Urban revolts were far easier to put down (obviously making it more difficult for them to be successful), not only because of the small area which had to be subdued by the armed forces (who generally remained loyal) but because there was unlikely to be an instance where the entirety of the population rose up, due to fear of another ‘Terror’ among the wealthier classes.[11] This fear was certainly also present among the ruling class throughout Europe, due to the general attitudes to change following the events of 1789. The nervousness exhibited by the various major monarchies between 1789 and 1848 produced a certain sense of insecurity, mainly because of the talk of revolution[12] which persisted through the period (most notably in 1820 and 1830). This insecurity and fear is best epitomised by the speed with which Louis-Philippe abdicated; street demonstrations in Paris began on the 22nd February and he abdicated on the 24th February.[13] This example however perhaps gives an inaccurate indication of the strength of the revolutionary movements (particularly in Paris): initially there was very strong support which belies the speed with which it melted away in the face of any hint of adversity (the European revolutions were by and large over by the end of 1848) – this fragility shows clearly the lack of conviction (or the sheer power of the conservative forces) behind the revolutionaries. With such a lack of conviction, the goals of the revolutionaries cannot be considered at all feasible.

The reactionary attitude of the European monarchs meant that there were very few parliaments throughout the continent (and even fewer which had any real power), and this meant that in terms of the average man, there was very little interest in socialism (this also applies to liberalism and nationalism, but not necessarily due to the lack of parliaments).  The sheer indifference present was a massive obstacle to the revolutionaries, as it meant that they had to first politicise the masses; a difficult task in the face of such oppressive reactionary states. Initially then, the aims of the revolutionaries seemed unfeasible to say the least. An obvious example of an ineffectual parliament is the Frankfurt Parliament in the German Confederation, which spent too long deliberating over who deserved the new German crown, only to realise they had no real authority (mainly due to the lack of military power) without socialist support (perhaps something to do with the minority which elected them[14]). Socialism[15] receded very quickly with the restoration of the Conservative powers, which meant that initial surges in support for Socialist movements dwindled very quickly later into 1848 (a possible reason for why they failed so quickly). The fact that the socialist movements of Europe were so short-lived could not really have been predicted, although their ultimate failure was easier to foresee (due the strength and age of the established order), thus making their aims for a more egalitarian type of government naive (and therefore not very feasible).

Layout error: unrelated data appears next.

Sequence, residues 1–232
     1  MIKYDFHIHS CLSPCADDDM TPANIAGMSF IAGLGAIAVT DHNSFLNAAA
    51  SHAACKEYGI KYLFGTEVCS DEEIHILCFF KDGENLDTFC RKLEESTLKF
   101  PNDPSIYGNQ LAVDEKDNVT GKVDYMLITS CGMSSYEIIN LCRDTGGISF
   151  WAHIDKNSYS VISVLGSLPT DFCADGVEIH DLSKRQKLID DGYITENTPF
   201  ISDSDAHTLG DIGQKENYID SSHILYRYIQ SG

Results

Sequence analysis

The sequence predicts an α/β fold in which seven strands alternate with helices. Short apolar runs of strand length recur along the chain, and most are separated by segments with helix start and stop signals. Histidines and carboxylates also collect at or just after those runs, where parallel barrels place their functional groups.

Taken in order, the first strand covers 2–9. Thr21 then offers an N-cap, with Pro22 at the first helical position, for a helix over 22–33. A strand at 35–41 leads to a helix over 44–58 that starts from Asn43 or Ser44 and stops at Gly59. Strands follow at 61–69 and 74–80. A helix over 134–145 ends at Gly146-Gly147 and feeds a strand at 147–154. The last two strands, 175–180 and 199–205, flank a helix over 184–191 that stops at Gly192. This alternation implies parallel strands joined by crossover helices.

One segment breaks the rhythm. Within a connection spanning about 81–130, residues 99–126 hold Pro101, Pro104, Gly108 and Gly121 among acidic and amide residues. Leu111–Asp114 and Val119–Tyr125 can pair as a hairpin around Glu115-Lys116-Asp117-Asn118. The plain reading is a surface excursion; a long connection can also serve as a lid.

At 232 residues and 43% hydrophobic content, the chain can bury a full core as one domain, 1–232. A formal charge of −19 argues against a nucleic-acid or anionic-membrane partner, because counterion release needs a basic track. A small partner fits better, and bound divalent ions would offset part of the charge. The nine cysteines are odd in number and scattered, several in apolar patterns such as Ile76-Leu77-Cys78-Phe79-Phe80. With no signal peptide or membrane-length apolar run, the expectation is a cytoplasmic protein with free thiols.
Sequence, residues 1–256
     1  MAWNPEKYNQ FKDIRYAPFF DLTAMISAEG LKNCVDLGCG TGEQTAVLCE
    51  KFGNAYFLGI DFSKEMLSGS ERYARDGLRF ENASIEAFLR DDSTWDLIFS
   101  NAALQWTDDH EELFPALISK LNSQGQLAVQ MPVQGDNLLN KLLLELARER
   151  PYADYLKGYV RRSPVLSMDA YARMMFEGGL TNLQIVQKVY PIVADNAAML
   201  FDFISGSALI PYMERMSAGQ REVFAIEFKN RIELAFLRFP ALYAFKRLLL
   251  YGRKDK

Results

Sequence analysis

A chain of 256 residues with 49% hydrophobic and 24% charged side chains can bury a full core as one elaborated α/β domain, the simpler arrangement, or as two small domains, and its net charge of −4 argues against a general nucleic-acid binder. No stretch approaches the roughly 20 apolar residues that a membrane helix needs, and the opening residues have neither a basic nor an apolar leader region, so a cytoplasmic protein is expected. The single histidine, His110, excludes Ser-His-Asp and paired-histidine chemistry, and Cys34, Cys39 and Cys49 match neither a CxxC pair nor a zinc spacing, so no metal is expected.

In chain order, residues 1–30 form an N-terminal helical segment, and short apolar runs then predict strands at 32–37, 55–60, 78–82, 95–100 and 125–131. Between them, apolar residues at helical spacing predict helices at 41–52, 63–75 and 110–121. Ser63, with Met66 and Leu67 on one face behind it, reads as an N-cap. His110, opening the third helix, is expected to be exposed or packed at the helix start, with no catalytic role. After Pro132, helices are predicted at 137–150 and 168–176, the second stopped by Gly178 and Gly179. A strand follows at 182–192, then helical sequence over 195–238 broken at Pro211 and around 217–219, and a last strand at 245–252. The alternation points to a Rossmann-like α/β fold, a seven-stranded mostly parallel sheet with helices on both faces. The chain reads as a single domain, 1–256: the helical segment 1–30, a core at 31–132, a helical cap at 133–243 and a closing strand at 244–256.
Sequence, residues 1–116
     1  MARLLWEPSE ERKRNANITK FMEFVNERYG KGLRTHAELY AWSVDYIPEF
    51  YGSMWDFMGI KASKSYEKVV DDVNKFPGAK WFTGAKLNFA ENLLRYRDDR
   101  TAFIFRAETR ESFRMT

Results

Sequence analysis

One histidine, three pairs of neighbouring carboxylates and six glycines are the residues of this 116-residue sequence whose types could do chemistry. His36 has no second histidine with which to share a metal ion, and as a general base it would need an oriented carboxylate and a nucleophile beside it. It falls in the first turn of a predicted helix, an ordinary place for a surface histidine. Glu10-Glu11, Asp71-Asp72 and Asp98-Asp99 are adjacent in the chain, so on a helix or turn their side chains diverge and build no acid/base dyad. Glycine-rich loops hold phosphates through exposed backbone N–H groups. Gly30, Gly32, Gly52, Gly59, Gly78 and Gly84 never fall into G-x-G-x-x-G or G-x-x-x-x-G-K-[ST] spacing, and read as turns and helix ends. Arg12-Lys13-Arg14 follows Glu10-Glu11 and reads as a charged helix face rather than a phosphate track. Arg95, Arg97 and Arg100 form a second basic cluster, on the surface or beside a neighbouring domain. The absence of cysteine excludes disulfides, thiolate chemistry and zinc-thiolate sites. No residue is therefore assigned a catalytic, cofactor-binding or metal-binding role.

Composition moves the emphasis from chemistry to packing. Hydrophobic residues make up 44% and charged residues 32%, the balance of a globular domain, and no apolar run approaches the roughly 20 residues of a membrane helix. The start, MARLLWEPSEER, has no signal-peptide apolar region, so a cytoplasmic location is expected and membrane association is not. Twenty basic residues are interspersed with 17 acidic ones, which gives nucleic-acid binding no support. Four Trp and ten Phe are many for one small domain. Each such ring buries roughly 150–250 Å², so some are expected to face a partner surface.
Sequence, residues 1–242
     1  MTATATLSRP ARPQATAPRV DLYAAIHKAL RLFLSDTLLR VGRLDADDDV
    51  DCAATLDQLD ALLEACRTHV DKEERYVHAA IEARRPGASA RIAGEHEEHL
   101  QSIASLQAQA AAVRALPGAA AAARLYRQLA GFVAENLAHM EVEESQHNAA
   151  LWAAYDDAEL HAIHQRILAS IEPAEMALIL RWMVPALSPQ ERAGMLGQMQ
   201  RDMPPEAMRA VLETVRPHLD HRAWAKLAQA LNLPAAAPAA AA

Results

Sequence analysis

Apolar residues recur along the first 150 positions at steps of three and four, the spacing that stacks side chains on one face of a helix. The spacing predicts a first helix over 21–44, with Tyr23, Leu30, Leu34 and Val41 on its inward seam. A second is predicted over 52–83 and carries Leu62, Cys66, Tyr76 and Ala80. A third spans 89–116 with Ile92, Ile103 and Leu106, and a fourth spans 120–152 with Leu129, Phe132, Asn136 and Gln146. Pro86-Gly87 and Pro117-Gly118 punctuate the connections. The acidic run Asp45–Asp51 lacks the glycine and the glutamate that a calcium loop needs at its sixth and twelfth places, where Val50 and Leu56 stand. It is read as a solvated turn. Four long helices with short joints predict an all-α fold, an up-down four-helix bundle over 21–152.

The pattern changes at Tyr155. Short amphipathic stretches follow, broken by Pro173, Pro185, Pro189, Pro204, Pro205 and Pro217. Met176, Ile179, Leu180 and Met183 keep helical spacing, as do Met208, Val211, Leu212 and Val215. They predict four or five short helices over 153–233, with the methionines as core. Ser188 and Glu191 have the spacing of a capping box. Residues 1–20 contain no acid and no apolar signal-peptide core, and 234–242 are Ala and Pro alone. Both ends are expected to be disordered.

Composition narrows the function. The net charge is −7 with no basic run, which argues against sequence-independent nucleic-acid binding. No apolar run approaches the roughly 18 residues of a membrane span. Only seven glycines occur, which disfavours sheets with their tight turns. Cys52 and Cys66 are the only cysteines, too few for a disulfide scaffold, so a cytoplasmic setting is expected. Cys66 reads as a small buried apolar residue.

Similarly to Socialism, the Liberalist movements were also only at prominence for a very brief period in 1848, for many of the same reasons. In the time preceding the 1848 revolutions, Europe was almost exclusively ruled by absolute (and therefore very conservative) monarchies with the associated views on liberalism. The rise of the revolutions did cause liberal officials to rise to office (as well as conservative ones to fall, or be exiled – most notably Metternich in Austria), although this was merely a fearful attempt to placate the masses rather than any genuine liberal feeling on the part of monarchs. Despite the similarities, the two movements did not support each other, or even necessarily have the same goals[16]. These differences meant that each movement was incredibly open to interpretation by almost every level of society, and these divisions in turn made the task of each revolutionary group far more difficult as they were struggling with each other, as well as the overwhelming superiority of the conservative powers.

In terms of historiography, the revolutions of 1848 were indeed (as argued by Marx and Engels) “wars of progress.”[17] Although in the short term they failed, there were some key progressive advances in the move towards more constitutional forms of government, notably the survival of the Piedmontese constitution (which arguably led to the unification of Italy). The fact that many of the aims of the revolutionaries were achieved in the long term (if not because of them) perhaps shows that their goals were not very feasible by virtue of their being so short sighted; if they had not tried to implement such sudden changes to such an established order, the revolutionaries may have enjoyed more success (though they would then no longer be termed ‘revolutionaries’ rather, reformists).